Dealing with culture shock is an overwhelming feeling. An environment we have become so accustom to sets the notion of what is considered normal. Culture shock is nothing more than our belief that the new environment we experience is abnormal. But what is normal? Studying the brain over all of these years has taught me a lot about how we tend to perceive our environment. If you think about it, everything we know is shaped by the culture we grow up in. From everyday activities such as speaking to one another, the vocabulary used in order to communicate formalizes a construct of how we see the world.
While living in Japan I learned there are words used that are unfamiliar to the English language. Such words describe the world in a different context. Essentially, due to my lack of knowledge in Japanese, it is easy to say my ability to comprehend such perspective mentally would be quite difficult. This is one example of a culture shock, and when you introduce your brain to foreign concepts, I believe you heighten your ability to grasp new ideas to view the world. I think this is the greatest aspect regarding culture shock. In my opinion, the term carries a stigma for many people, but in reality the term avails to incorporate the positive differences of cultures all throughout the world.
Not only does our perception influence how we view our environment, it also affects how we see ourselves. Culture sets the standard of how an individual should behave. Following social norms is a way of ensuring that we belong. And as long as we continue to live within a particular society, we often push ourselves to do whatever it takes to “fit in”. In the process, our personality conforms as well, making it difficult to distinguish ourselves from the pack. Breaking apart is almost irreversible, because that is the life you only know. But when you travel, and finally experience “culture shock,” you learn new behaviors and attitudes from a society completely different from yours. Soon you realize how different you are, but then notice how much new information you are capable of learning. And for myself, I have learned a great deal over the years.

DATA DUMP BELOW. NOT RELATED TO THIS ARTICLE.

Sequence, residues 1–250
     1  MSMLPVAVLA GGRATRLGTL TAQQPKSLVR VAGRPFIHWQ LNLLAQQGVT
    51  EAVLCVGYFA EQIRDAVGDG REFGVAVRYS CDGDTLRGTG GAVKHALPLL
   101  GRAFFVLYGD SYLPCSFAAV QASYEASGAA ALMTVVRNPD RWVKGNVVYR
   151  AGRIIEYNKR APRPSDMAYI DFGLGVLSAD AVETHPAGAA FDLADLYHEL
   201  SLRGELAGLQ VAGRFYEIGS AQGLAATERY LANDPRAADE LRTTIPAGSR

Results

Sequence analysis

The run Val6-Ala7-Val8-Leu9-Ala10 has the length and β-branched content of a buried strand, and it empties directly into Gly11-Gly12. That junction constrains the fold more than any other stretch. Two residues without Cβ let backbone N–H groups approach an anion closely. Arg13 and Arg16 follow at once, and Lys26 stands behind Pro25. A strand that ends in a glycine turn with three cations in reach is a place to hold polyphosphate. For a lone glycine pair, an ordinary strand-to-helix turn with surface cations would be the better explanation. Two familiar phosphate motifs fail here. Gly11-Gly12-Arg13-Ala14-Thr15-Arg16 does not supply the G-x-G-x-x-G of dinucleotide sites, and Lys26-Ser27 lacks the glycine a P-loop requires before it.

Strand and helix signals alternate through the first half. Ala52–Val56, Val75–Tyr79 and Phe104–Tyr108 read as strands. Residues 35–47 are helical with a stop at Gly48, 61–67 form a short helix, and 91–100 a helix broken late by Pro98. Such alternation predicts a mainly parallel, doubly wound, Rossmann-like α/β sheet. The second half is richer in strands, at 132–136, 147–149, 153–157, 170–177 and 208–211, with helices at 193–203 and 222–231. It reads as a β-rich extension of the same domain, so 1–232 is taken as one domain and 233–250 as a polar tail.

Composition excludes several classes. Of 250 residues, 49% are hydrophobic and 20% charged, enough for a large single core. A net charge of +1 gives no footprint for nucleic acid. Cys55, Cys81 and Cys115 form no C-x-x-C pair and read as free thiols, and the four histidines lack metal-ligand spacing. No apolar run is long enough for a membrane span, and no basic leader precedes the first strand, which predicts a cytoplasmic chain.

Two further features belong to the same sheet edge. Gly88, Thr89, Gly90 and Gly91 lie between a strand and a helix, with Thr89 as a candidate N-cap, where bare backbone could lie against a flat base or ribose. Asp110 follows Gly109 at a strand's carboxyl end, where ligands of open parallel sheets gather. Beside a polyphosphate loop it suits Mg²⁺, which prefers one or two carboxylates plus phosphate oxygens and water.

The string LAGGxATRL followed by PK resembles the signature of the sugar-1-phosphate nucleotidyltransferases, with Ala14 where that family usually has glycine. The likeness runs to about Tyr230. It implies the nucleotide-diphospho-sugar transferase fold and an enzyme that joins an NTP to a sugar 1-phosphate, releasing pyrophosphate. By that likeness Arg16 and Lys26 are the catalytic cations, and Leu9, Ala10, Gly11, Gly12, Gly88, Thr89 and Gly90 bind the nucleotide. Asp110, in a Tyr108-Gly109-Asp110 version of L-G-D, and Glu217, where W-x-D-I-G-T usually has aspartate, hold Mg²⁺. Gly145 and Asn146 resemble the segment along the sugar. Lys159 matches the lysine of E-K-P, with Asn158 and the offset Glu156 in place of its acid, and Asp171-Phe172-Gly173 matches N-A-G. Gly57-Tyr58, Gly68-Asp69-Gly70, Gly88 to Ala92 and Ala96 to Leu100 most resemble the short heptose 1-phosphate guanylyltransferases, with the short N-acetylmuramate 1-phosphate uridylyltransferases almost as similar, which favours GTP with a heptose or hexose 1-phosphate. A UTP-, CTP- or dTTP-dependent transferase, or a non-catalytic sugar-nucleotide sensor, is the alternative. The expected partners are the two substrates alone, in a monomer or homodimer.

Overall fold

If you are thinking about settling in Germany or want to leave and study abroad, just go for it! Living in a completely new society is difficult, but only in the beginning. Each day offers a new experience and the opportunity to grasp new ideas. Looking at the world from a different angle sometimes requires a person to engage in a completely different society.
My name is Adonay Gebrehiwot (24) and I am currently pursuing a masters degree in neuroscience at Goethe University. I grew up in the U.S. along with my family who immigrated from Eritrea in the 1980’s. From my writings, I hope to share my experience of what its like growing up in a foreign country